Texans would no longer need a state license to carry a handgun, either concealed or openly, under a bill approved by the state Senate and House, and an agreement reached in conference committee.
The bill, HB 1927, initially passed the House, and later passed the Senate with amendments. Because the House refused to concur with the Senate’s amendments, the bill went to a conference committee comprised of five House and five Senate members to hash out differences.
The 10 legislators announced that they have reached a full agreement on the bill, which is now expected to pass both chambers this week. Gov. Greg Abbott says he will sign the bill.
Once he does, Texas would become the 21st state to adopt a constitutional carry law. Texas is one of the only Republican-led states that has not passed a constitutional carry bill.
In constitutional carry states, residents can legally carry a firearm without a license or any other government-applied restriction, ConcealedCarryStates.org explains.
Vermont has never restricted the right for adults to carry a firearm. Alaska was the first state to rescind its concealed carry permit requirement in 2003.
Abbott said that constitutional carry was a priority legislative item this year and declared that Texas would become a sanctuary state for the Second Amendment after 20 states have already passed constitutional carry laws.
Current Texas law requires individuals to obtain a license and pay a fee in order to carry a handgun, which Sen. Charles Schwertner, R-Georgetown, says, restricts Texans’ Second Amendment rights. Schwertner filed the House’s companion bill in the Senate.
“HB 1927 would recognize the United States Constitution as our permit to carry and allow all law-abiding adults, aged 21 years or older, to carry a handgun for the protection of themselves or their families, in public places, in a holster, without the requirement of a state-issued license,” Schwertner said.
Last month, Lt. Gov. Dan Patrick, who heads the Senate, said he didn’t have enough votes among Senate Republicans to pass the bill. After the Capitol switchboard was inundated with calls from Texans, Patrick scheduled the bill for a vote.
Ultimately, the Senate passed the bill with amendments. Patrick says the bill “affirms every Texan’s right to self-defense and our state’s strong support for our Second Amendment right to bear arms. In the Lone Star State, the Constitution is our permit to carry.”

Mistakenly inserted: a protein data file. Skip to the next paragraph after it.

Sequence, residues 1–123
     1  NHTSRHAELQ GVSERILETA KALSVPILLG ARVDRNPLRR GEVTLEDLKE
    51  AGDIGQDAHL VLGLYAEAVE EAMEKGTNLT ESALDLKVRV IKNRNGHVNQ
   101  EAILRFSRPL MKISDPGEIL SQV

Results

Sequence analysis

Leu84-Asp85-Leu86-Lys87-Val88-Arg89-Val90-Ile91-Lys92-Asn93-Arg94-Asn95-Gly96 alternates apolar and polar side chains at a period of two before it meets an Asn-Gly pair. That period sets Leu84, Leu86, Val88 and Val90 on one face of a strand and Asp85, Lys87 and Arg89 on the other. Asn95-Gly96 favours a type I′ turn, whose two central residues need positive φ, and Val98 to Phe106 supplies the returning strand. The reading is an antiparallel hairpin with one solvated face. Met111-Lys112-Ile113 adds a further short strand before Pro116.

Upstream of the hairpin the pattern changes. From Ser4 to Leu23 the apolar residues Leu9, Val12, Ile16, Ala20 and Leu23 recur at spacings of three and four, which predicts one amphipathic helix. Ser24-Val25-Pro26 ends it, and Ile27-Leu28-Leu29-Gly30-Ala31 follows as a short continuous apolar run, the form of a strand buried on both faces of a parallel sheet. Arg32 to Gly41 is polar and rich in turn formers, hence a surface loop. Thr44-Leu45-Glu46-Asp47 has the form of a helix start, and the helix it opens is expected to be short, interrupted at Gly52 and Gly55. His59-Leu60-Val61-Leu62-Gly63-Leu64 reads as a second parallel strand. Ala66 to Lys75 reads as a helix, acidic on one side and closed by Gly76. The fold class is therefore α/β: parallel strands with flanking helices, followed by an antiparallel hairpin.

The bill does not change who can legally possess or purchase a firearm under state or federal laws.
“People who are prohibited from possessing a handgun will still be prohibited from possessing a handgun under this bill,” Schwertner says. “Nothing in this bill regarding possession is changed.”
The bill also does not change existing laws governing firearms. It does not affect protected areas where carrying is currently prohibited, nor does it change the laws governing sales or purchases of handguns or long guns. Laws allowing private property owners from barring the carrying of weapons on their own premises are still in effect. Those with felony convictions or who are under protective orders for domestic violence would still remain barred from carrying a firearm.
Democratic Sen. Sarah Eckhardt of Austin, who opposes the bill, argued that of the 2,269 license-to-carry applications rejected in 2020, 926 were for past criminal history.
“We won’t have that filter anymore without the license,” she said.
But Schwertner argues that the increased criminal penalties for illegal carry amended into the bill will serve as a deterrent and increase public safety.
“To me, this bill is about two things: the advancement of self-defense, and a belief in – and trust of – law-abiding citizens to avail themselves of their Second Amendment right to self-defend by carrying a sidearm,” he said. “I think this is an advancement that is going to improve safety both for the individual and society at large.”